The Boys’ Navy League camp at Northey’s Point, in what is now the Summer Village of Norglenwold at Sylvan Lake, circa 1920. (Photo from Provincial Archives of Alberta IR395)

Michael Dawe: Summer campers splashed in Sylvan Lake 100 years ago

Summer camps are often one of the most memorable experiences for young people when they are growing up.

Hence, there are all kinds of Hollywood movies and books about them. Sylvan Lake is one of Alberta’s most popular resorts, and summer camps are part of the rich history of that community.

One of the oldest summer camps at Sylvan Lake was started 100 years ago, in 1919. That was the Boys’ Navy League camp that was located at Northey’s Point, in what is now the Summer Village of Norglenwold.

The key person behind the creation of the camp was John Alfred Irvine. He was born in Nova Scotia.

As a young man, he took a keen interest in boating, the navy and organizations such as the YMCA.

In 1906, he moved with his wife and children to Calgary, where he established a successful real estate and insurance business.

After the end of the First World War, he helped to found the Boys’ Naval Brigade in Calgary under the sponsorship of the Navy League of Canada.

He then purchased a piece of the Jonathan Northey homestead on the shore of Sylvan Lake at First (Northey’s) Point.

In early July 1919, he brought up a group of naval brigade boys for a two-week session of training and recreational activities.

The camp was run under strict naval traditions. Each tent was named after a British battleship. The boys from each tent competed against each other in all kinds of sports, swimming, boating and other camp activities.

The camp acquired a motor launch, named the Lady Victress. It was used not only for training, but also to transport the campers back and forth from the Village of Sylvan Lake. The original Northey log cabin was used as a cookhouse.

At the end of July, after the boys’ camp was finished, the Girls’ Naval Brigade came up from Calgary and held a similar two-week-long session.

The girls’ camps only lasted for two or three years. Arrangements were then made for the YMCA to use the facility for a boys’ camp, after the navy brigade had finished its summer camp.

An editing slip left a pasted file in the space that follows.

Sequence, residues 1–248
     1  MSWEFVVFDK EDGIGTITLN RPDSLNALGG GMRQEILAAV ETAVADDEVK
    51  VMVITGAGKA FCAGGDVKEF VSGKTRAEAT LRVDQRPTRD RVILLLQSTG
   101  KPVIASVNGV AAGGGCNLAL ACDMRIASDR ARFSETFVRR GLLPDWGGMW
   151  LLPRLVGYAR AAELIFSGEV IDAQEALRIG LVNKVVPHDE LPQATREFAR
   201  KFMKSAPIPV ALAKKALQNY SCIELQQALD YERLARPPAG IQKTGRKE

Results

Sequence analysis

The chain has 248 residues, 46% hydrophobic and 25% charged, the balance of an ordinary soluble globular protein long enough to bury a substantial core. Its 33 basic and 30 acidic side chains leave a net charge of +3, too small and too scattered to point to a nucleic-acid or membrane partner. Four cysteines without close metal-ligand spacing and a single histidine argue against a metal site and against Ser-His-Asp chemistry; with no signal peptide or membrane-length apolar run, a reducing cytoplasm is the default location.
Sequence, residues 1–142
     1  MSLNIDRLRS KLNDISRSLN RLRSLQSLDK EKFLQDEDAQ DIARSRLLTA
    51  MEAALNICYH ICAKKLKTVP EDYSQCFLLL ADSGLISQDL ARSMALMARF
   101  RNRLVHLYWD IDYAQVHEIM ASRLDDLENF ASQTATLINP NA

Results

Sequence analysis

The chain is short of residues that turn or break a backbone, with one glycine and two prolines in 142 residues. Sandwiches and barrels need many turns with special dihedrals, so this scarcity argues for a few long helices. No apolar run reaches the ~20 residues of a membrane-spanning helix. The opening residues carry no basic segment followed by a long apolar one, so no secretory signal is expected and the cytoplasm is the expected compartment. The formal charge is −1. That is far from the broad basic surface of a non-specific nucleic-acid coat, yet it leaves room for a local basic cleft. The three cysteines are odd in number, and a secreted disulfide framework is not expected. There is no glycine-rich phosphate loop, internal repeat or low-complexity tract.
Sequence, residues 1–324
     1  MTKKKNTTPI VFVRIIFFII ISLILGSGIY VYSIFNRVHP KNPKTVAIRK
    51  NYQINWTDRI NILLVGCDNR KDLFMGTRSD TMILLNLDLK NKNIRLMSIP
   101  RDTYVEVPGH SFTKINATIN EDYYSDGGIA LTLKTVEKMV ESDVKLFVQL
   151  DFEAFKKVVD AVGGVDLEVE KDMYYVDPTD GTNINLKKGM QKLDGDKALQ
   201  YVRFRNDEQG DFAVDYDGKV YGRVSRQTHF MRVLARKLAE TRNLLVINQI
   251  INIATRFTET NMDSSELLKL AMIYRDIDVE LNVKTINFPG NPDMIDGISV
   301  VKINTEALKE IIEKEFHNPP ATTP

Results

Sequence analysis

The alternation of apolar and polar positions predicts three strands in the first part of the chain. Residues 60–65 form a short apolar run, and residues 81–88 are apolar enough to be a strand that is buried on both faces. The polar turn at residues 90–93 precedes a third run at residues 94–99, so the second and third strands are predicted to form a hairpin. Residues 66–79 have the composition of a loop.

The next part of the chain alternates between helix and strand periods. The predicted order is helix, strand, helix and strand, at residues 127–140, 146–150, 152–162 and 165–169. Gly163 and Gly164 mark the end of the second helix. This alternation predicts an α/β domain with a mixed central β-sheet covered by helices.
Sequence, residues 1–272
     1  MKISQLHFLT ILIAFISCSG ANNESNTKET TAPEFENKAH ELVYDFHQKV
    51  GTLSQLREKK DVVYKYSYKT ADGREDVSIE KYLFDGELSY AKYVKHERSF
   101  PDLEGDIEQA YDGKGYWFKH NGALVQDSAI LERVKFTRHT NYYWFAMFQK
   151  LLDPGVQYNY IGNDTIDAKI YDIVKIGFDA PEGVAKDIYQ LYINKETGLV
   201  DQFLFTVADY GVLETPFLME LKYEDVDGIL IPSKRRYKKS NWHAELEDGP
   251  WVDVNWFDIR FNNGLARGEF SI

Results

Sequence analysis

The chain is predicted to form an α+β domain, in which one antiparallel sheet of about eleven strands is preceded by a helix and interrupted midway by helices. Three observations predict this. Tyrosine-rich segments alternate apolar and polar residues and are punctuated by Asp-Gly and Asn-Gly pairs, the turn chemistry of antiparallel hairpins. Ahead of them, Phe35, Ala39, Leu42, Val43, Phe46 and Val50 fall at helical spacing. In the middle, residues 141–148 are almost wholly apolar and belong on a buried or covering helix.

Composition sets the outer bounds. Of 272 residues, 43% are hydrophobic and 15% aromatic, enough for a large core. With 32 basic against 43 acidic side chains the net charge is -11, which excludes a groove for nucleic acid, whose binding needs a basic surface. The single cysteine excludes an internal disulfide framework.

The YMCA camps were much less formal than the ones organized by the naval brigade. There was an emphasis on nature study, in addition to the usual sports, swimming and boating activities.

There were also programs based on what was felt to be First Nations’ lore.

Over the years, the facilities were expanded and improved. A sizable green and white hall and lodge was constructed for dining purposes and activities during inclement weather.

In 1923, the Boys’ Naval Brigades across Canada were changed into Sea Cadet Corps. The Calgary Sea Cadets adopted the name HMS Nelson. This group continues to this day as the Royal Canadian Sea Cadet Corps.

The cadets became a popular attraction at Sylvan Lake with their distinctive naval uniforms. They were active participants in the annual Sylvan Lake regattas.

After a music program was developed, the cadets gave public performances in the town and at the camp.

On July 18, 1928, J.A. Irvine died in the Red Deer Hospital from a cerebral hemorrhage that started while he was working on a cleanup of the camp.

After his death, the navy league took over the ownership of the camp property. The YMCA subsequently decided to move its summer camps to Camp Chief Hector at Morley.

Other groups, however, continued to rent the facility for their summer camps. These included groups of Canadian Girls in Training and youth groups from Knox Presbyterian Church in Red Deer.

During the Second World War, the navy league decided to sell the Sylvan Lake property. A new navy cadet camp was established at Lake Chestermere east of Calgary.

A private residence now stands on the old campsite in Norglenwold.

Red Deer historian Michael Dawe’s column appears Wednesdays.

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